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Cost of living latest: is April ‘the cruellest month’?


Nature April
But no joy on prices

April is the cruellest month, a poet famously once wrote, perhaps contrasting nature joyfully reborn with his own sad state. On behalf of our clients and the community we can look at the cost crisis both ways – try anyway!

Consumer price inflation fell slightly in March but is still in double figures (10.1%) and still huge on housing and food (19.2%). Income tax thresholds stay frozen in cash terms meaning real terms increases and lower take-home pay. Council tax is up (though thankfully less in E&E than elsewhere). The cost of renting a home shows no sign of Spring warming at all.

There is some relief, however, if not joy.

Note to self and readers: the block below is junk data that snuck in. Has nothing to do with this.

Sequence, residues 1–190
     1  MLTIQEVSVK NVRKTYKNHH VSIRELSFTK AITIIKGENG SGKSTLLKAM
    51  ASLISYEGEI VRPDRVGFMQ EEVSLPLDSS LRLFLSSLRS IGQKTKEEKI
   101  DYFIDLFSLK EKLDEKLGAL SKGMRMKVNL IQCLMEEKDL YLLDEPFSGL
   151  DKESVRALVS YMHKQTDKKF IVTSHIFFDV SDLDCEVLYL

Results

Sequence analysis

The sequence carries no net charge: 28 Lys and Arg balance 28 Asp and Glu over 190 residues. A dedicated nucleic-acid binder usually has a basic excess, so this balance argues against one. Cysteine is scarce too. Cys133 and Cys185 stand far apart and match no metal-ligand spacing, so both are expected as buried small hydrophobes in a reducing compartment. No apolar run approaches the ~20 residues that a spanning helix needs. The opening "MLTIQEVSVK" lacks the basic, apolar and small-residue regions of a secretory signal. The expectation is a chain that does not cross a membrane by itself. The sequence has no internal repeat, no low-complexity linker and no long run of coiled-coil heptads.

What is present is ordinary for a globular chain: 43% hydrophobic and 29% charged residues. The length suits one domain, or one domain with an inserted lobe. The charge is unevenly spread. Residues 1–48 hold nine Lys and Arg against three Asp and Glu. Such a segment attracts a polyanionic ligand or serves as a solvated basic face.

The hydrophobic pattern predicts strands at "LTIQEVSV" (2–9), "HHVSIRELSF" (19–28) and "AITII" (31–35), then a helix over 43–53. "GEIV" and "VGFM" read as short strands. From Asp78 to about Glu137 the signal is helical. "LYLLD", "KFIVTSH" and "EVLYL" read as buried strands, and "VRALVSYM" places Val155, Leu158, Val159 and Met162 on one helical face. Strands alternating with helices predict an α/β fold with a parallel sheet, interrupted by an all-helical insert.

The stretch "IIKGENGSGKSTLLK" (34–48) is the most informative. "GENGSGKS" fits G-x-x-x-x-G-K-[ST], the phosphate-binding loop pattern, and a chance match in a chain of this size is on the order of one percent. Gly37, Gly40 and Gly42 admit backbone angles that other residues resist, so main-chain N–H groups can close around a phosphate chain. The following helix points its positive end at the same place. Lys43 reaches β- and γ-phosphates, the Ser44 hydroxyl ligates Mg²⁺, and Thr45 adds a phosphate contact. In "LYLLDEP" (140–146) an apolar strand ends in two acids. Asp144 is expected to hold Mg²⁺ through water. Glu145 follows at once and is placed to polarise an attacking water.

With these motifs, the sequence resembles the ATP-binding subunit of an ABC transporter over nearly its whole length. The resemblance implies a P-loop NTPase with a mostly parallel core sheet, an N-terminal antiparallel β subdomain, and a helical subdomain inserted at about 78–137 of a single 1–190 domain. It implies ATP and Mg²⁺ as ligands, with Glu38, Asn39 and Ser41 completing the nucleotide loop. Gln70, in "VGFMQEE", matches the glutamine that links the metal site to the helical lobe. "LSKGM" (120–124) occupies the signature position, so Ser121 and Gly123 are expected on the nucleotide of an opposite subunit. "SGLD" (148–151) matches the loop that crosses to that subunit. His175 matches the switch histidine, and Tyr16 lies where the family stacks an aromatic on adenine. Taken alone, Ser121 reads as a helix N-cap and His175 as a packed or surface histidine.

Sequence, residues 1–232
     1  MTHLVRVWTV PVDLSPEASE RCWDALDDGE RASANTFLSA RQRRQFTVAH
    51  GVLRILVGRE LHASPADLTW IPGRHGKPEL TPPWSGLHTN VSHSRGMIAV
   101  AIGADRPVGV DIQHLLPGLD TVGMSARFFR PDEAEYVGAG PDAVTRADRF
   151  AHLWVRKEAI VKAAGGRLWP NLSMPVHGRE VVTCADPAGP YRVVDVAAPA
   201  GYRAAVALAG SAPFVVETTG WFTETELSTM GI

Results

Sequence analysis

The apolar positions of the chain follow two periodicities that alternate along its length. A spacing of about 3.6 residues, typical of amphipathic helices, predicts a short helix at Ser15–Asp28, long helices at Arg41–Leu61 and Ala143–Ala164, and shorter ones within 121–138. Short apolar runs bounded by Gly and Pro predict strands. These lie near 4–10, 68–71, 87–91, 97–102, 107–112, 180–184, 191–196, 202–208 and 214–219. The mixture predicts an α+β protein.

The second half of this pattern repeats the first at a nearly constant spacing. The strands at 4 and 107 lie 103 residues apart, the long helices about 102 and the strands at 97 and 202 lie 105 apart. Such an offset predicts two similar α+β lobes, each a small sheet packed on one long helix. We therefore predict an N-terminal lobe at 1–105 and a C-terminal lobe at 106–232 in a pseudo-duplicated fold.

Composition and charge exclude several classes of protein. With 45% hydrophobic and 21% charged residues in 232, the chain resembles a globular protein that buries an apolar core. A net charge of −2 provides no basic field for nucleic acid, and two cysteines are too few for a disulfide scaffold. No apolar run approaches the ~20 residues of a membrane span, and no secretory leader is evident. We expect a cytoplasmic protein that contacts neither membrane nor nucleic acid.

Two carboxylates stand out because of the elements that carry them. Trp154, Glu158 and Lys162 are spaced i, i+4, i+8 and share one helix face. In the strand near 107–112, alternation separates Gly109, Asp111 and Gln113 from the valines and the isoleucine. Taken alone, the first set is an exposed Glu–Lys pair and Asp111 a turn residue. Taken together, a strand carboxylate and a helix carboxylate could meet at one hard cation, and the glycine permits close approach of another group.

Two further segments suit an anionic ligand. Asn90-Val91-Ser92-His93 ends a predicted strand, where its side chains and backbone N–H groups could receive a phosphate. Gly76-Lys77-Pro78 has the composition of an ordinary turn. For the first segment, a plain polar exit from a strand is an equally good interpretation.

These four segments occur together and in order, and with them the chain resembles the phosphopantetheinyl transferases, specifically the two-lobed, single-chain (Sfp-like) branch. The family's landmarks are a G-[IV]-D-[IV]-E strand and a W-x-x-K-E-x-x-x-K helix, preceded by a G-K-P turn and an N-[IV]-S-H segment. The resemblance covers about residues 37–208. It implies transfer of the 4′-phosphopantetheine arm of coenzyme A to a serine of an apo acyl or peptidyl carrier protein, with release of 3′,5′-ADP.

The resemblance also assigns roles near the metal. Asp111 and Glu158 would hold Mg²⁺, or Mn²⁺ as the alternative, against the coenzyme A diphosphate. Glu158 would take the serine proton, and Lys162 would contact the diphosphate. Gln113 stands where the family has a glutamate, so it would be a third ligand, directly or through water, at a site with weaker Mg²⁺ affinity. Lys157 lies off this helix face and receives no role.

+22%, +32%, +38% 😗

The Energy Price Guarantee continues until the end of June. Benefits rise by 10.1%; this will help low- and some middle-income families cope with, but not fully compensate for, developments of the past 2 years; it also applies of course to the state pension. National minimum and national living wages levels go up by 9.7%. People entitled to certain benefits or tax credits should automatically receive new cost of living payments. Our advisers can help if this doesn’t happen.

National Citizens Advice worries a debt crisis could grow from the cost crisis. Among our clients council tax and rent arrears are the most common debts. They aren’t alone. National CA estimates 1 in 10 adults in England and Wales owes their council money, while increasing rents are a present and worsening feature of the housing market. Unfortunately, some clients are in difficulty with both bills and often with several utilities too.

Renting has been a focus of our campaigning this month, while food price inflation remains the most immediate worry. The April consensus is inflation slowing significantly by the summer, but we’re also hearing quite a lot about it proving ‘more stubborn’ than hoped.  

This item appears in the CAEE April Newsletter.

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